8. 'Restrepo' (2010 Grand Jury Prize: Documentary)
This is just a flat-out fantastic movie. It follows one U.S. platoon for a year as they traverse the deadliest valley in Afghanistan. It's so intimate and raw it's almost hard to watch at times, but it's an incredible look at what war can do to men's psyches. Journalists Sebastian Junger and Tim Hetherington (who was killed by mortar fire in Libya in 2011) co-directed.
9. 'Winter's Bone' (2010 Grand Jury Prize: Dramatic)
Jennifer Lawrence is everywhere these days thanks to her breakout role in this gritty dramatic thriller about a dirt-poor girl living in the Ozarks who tries to find her drug addict dad so she can keep her family home. She cooks squirrel meat. She hunts. She keeps her siblings safe. It's like 'Hunger Games' stripped down to its bare essence, without all the pomp and circumstance.
John Hawkes is frightening and sympathetic at the same time as Teardrop. I saw this premiere at Sundance in 2010 and afterwards every single person was saying, “Who the hell is that girl?” Now we know.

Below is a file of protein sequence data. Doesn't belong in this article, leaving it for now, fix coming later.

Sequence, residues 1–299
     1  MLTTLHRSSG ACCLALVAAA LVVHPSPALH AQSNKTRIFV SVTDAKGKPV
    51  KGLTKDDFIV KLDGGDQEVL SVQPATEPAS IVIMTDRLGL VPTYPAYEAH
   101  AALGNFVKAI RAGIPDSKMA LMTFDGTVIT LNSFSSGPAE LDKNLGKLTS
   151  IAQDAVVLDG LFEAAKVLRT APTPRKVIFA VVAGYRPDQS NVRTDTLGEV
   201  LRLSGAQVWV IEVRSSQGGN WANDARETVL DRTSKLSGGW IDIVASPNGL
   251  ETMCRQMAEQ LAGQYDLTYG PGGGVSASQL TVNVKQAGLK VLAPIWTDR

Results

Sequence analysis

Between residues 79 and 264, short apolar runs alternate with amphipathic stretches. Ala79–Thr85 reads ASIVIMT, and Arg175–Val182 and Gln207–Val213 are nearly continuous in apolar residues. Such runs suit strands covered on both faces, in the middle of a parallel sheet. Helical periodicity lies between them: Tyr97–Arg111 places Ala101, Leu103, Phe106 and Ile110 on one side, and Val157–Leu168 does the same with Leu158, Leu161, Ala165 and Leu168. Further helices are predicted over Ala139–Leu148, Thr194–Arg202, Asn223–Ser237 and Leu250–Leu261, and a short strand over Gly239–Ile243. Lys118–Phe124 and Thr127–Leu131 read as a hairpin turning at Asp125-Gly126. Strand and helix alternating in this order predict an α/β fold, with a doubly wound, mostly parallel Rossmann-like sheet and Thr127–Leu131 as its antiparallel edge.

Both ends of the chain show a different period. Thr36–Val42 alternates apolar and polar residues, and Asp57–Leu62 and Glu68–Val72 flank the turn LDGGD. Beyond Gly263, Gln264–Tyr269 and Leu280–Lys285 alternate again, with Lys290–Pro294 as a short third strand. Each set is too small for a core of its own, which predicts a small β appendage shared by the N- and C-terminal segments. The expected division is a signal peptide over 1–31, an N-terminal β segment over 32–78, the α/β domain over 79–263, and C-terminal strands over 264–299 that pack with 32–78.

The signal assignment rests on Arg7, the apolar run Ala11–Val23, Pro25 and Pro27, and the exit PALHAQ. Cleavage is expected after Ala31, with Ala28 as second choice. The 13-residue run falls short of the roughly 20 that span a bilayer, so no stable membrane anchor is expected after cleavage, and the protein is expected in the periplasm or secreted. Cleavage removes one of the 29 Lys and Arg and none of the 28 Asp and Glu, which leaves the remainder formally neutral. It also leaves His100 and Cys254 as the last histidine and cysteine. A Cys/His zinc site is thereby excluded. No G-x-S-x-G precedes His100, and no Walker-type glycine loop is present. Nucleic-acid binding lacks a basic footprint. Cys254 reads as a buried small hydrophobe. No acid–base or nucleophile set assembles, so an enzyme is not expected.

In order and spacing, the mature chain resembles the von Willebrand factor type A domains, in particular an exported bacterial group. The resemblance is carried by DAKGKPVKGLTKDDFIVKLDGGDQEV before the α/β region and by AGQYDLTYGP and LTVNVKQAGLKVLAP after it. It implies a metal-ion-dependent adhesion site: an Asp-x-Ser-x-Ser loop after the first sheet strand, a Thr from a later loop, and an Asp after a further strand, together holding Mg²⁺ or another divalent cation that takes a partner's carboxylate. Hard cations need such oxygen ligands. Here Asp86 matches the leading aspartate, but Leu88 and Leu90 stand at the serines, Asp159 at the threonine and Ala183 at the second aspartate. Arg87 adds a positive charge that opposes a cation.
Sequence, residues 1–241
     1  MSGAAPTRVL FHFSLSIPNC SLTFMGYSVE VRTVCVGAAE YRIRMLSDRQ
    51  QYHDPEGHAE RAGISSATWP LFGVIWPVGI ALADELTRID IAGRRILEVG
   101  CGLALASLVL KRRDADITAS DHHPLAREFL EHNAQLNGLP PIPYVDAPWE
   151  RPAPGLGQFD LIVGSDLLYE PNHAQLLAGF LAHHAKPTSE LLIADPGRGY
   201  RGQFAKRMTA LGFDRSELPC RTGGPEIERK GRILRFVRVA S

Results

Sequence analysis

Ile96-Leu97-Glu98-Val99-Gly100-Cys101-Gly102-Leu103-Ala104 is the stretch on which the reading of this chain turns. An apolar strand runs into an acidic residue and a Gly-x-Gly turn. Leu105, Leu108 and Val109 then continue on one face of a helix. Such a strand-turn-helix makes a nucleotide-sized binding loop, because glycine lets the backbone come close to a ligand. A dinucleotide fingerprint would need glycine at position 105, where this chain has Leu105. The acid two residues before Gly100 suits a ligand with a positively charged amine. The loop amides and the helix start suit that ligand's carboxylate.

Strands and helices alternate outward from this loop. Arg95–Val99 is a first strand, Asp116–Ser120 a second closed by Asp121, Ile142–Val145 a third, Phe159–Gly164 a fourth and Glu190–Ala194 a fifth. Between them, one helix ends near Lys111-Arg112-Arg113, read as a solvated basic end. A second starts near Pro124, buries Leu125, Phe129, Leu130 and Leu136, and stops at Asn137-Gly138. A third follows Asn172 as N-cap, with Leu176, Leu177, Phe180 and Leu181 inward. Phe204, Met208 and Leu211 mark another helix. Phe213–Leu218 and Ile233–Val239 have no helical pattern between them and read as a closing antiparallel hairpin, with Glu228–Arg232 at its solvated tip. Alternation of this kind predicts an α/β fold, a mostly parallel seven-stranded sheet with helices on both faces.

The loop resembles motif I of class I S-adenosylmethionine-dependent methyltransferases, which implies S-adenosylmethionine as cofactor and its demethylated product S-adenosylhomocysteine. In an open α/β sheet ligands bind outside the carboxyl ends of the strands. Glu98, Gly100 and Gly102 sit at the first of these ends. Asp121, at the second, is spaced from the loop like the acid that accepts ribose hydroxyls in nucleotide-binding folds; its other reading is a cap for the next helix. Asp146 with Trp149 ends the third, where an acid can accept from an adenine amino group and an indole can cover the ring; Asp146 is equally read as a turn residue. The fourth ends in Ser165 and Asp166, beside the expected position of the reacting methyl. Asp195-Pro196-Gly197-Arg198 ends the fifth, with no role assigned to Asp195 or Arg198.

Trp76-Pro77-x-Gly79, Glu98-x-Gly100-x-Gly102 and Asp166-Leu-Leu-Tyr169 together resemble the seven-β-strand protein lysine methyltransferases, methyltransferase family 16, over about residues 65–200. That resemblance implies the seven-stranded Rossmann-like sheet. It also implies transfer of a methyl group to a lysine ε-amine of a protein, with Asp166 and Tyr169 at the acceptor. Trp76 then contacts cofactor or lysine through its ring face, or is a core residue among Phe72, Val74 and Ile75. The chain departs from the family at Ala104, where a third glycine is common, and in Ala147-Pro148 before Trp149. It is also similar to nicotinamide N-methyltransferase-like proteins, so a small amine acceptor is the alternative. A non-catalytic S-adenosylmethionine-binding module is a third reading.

10. 'Beasts of the Southern Wild' (2012 Grand Jury Prize: Dramatic)
It's totally cornball to say that a movie takes your breath away, but in this case it's 100 percent true. Six-year-old Hushpuppy is living in a dirt-poor Louisiana bayou community called “The Bathtub.” They have less than nothing, but they’d rather fight for survival together off the grid than be forced into a homeless shelter.
Hushpuppy tries to keep her ill dad alive and attempts to find her absent mom. There’s a lot more going on though -- it’s kind of like magic realism, only to the extreme: the “reality” feels like a documentary and the fantastical elements are so poetic and beautiful it’s hard to believe they pulled it off. Definitely worth a look.
So now you have plenty of movies to check out this weekend. If we left anything off that you think is a must-see Sundance winner, sound off in the comments below.